HERSHEY >> The swan song to his storied high-school career didn’t play out the way Jakob Campbell had envisioned.
But it couldn’t overshadow how the last four winters went for the Boyertown senior.
Campbell went into Saturday evening’s Class AAA medal round of the PIAA Championships in position to place third for the second time in three visits to the Giant Center for the state’s individual competition. The quest ended with a 5-2 loss to Bethlehem Catholic’s Ryan Anderson, yet still with the highest medal of the five area wrestlers who qualified for the medal round.
“It’s a nice accomplishment,” Campbell said. “There are a lot of people for whom I’m happy about this”
Campbell (39-6) had a number of “fourpeats” to accompany his program-first four state qualifications. He won four Pioneer Athletic and District 1-AAA West titles, scored four South East AAA Regional medals — highlighted by his championship finish this year — and 154 career wins, tying him for ninth place on the Mercury coverage area’s all-time chart.
“My dream to get here … that was it,” Campbell said. “Getting to three states before this, I couldn’t have imagined it.”
Anderson got the upper hand on Campbell with a first-period takedown. Jakob managed a second-period escape from a bottom start, but Anderson decided the outcome with an escape and takedown in the third period.
“I knew he was tough. He beat me last year,” Campbell recalled. “He wrestled a better match.
“I knew what he did. I just didn’t execute. Now I have to go back to the drawing board.”
Teammate Matt Wilde pulled off a unique double play in the 113-pound bracket’s fifth-place bout. His 6-4 decision of Stroudsburg’s Cameron Enriquez netted the Bear senior both his first state-level medal, and the 100th victory of his scholastic career in his high-school finale.
“Getting 100 is awesome,” Wilde said. “Now I’m going to sit back and watch my teammates. Right now, I’m going to hang out.”
Wilde (47-5) opened with a first-period takedown, then escaped from a bottom start in the second period before scoring another takedown en route to a 5-1 lead. Enriquez turned a similar trick to start the third, but Wilde got loose for insurance in the decision.
I think the takedown with 30 seconds left was big,” he recalled. “I just grabbed and held on to his wrist.”
Ryan Resnick found his fifth-place medal at 160 a satisfying cap to his scholastic career. His 4-2 decision of Chambersburg’s Luke Nichter left the Owen J. Roberts senior with a happy finish to his second individual state-tournament visit, one that saw him get as far as the semifinal round before a pair of losses — the second to North Allegheny’s Eric Hong, who he upended in their previous go-round Thursday — earlier in the day.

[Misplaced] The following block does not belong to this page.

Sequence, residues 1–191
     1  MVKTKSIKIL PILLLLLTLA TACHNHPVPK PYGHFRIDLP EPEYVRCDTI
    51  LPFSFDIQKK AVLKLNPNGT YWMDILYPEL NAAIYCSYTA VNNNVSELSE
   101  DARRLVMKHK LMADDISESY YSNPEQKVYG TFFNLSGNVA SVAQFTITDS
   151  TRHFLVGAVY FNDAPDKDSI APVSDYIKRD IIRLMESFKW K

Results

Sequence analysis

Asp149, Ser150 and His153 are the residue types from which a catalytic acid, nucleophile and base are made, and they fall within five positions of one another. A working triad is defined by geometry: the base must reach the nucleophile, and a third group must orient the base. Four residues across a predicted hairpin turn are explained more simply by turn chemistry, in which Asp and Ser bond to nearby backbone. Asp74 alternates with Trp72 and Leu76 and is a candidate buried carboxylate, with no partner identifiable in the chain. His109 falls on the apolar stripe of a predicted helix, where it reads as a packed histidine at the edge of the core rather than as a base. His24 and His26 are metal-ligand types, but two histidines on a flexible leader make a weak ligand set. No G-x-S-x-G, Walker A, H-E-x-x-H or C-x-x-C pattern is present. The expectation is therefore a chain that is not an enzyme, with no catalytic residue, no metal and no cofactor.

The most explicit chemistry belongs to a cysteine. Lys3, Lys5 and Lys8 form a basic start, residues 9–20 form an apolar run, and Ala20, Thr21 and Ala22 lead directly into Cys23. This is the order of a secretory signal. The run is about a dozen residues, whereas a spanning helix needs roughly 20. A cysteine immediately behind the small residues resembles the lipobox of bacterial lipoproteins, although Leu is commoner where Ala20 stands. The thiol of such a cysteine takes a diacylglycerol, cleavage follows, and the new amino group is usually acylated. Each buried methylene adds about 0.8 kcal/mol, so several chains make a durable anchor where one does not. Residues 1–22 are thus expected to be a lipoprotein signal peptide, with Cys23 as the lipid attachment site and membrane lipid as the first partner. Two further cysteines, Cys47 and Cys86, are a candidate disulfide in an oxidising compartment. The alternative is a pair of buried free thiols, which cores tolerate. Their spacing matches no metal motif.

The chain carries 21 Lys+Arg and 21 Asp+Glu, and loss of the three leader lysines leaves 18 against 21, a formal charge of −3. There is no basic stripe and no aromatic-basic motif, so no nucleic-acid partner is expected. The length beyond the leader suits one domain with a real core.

“It’s a bittersweet moment,” Resnick (43-5) said. “A lot of blood, sweat and tears over the last couple years.
“It was nice to finally make the trip my senior year. Now I start a new chapter at Tennessee-Chattoonga … looking to make strides, become an All-American.”
Elijah Jones rounded out Boyertown’s medal-round contingent by claiming the fifth-place medal at 182. He did it in dramatic fashion, wrestling Penn Trafford’s Matt McGillick 1-1 in regulation before deciding the matter emphatically with a pin 54 seconds into the overtime frame.
“It would have been nice to not go overtime,” the Bear junior (47-8) said. “It definitely makes my season. I’m hoping for great things next year … to keep going, wrestle my match.”
Jones’ win owed itself to his response to McGillick’s attempted shot of an inside single.
“I got a let over him,” he recalled. “He tried to jump me, but I was able to get the cradle on him.”
Nick Duliakas ended up sixth at 195, closing out his senior campaign with a 30-9 record. It was validation of his decision two months ago, after taking a month-long break from the sport, to return.
“It was a joy the way he came back,” head coach Steve DeRafelo said of Duliakas, medalling in his first trip to the state tournament. “He has so much to be proud of. I didn’t want him to ask ‘what could have been.’ It’s a tough thing to have to do, and I’m glad he didn’t have to live it.”
Boyertown’s 10th-place finish in the team standings capped Pete Ventresca’s final season as the program’s head coach. The last on-mat action of his 14-year tenure in the program was to be in the corner for Jones’ OT win.
“I had a great time coaching here,” he said. “The Boyertown people are great, the kids are great, I had great assistants. I enjoyed my time here, and the kids.”
Looking back on the Owen J. season, DeRafelo saw the weekend as a “microcosm” of how the entire winter went for it.
“The kids did things they weren’t expected to do,” he said. “Ryan winning his first state medal, Nick getting to the semifinals … the kids did what they weren’t expected to do. They were fun to be with.”
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